Wednesday, February 4, 2009

UK Telegraph: Television and Mental Illness

(UK Telegraph, 2/2)
That study found: "Other things being equal, the more a child is exposed to the media (television and Internet), the more materialistic she becomes, the worse she relates to her parents and the worse her mental health."

N.Y. Times: Crying

The Muddled Tracks of All Those Tears
Crying as Catharsis Isn't Always the Case
(NY Times, 2/4)
This passage caught my eye...
People who are confused about the sources of their own emotions — a condition that in the extreme is called alexithymia — also tend to report little benefit from a burst of tears, studies have found. This makes some sense. One purpose of crying may be to block thinking, to effectively seal off the flood of unanswerable questions that come after any major loss, the better to clarify those that are most important or most practical. If this psychological system is already clunky, a fire shower of tears is not likely to improve it.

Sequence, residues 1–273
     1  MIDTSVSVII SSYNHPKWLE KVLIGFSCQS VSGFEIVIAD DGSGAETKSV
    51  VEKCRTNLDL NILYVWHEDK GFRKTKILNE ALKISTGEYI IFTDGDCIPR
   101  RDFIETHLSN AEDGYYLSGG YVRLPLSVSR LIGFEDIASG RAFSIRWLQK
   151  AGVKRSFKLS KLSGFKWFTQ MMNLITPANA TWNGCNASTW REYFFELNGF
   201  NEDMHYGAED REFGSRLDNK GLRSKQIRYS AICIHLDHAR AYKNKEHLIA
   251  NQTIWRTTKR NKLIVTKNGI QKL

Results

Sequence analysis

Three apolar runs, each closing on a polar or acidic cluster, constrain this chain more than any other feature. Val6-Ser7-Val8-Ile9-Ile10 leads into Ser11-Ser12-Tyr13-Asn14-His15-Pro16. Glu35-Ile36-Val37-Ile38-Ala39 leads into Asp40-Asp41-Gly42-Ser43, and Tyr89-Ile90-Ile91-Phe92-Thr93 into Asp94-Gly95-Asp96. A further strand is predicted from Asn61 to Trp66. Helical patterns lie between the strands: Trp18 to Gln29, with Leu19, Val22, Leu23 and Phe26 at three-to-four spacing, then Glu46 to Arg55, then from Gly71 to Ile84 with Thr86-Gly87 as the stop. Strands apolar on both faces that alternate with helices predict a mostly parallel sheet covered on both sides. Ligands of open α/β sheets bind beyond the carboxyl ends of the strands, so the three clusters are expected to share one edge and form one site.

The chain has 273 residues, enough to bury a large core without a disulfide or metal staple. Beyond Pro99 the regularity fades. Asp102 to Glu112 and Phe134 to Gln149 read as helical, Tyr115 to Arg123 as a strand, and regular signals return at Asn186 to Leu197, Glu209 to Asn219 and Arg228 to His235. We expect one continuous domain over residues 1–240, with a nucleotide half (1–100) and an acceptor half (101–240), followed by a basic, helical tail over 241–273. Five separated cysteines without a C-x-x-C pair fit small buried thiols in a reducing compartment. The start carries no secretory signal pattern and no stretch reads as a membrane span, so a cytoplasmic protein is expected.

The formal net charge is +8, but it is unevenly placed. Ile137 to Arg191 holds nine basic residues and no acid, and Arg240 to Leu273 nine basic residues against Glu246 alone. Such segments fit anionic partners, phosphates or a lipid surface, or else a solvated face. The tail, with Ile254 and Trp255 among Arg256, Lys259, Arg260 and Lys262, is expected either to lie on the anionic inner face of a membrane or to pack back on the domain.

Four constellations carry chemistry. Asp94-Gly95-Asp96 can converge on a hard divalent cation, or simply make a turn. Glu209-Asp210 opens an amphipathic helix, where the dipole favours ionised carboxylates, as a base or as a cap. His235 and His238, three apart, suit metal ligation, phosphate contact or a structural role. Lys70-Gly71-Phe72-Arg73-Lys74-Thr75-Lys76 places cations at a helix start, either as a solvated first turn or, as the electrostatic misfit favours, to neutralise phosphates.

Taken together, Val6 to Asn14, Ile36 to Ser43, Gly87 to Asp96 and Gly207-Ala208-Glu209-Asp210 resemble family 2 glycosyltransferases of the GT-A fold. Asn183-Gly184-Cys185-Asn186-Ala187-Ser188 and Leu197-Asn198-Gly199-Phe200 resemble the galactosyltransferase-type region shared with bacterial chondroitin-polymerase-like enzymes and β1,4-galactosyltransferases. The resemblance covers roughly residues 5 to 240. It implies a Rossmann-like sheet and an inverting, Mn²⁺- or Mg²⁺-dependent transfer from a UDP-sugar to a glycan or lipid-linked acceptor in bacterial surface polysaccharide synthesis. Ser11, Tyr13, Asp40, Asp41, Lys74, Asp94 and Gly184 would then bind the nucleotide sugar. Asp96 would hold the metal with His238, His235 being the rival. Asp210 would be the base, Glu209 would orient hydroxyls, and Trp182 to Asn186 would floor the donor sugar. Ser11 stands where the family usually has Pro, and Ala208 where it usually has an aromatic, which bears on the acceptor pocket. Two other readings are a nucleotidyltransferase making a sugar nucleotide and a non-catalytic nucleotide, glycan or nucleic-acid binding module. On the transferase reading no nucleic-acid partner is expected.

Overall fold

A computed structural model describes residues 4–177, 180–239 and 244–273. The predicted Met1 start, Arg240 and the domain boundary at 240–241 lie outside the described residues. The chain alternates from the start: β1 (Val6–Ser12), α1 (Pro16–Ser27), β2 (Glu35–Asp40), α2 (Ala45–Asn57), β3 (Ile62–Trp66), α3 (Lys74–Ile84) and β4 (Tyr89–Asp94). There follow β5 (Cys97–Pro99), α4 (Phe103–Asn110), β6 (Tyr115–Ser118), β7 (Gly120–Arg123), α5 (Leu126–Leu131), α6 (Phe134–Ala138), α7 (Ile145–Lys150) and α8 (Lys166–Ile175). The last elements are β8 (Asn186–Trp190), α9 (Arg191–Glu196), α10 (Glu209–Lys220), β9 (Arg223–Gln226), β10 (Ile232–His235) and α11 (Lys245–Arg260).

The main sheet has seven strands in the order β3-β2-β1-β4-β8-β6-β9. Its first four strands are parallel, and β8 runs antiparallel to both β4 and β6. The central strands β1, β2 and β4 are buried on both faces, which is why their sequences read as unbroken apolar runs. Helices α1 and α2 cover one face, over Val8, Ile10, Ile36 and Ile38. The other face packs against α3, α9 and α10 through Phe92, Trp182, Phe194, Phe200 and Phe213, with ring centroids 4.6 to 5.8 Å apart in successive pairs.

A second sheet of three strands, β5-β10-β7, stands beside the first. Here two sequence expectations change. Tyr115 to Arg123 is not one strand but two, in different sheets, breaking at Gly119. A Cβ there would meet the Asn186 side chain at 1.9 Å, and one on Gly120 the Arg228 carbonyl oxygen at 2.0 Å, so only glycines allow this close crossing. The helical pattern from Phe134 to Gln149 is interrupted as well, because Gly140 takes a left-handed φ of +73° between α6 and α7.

Alexithymia is a very common ailment!

I was also intrigued by this...
“Crying, for a child, is a way to beckon the caregiver, to maintain proximity and use the caregiver to regulate mood or negative arousal,” Dr. Nelson said in a phone interview. Those who grow up unsure of when or whether that soothing is available can, as adults, get stuck in what she calls protest crying — the child’s helpless squall for someone to fix the problem, undo the loss.

“You can’t work through grief if you’re stuck in protest crying, which is all about fixing it, fixing the loss,” Dr. Nelson said. “And in therapy — as in close relationships — protest crying is very hard to soothe, because you can’t do anything right, you can’t undo the loss. On the other hand, sad crying that is an appeal for comfort from a loved one is a path to closeness and healing.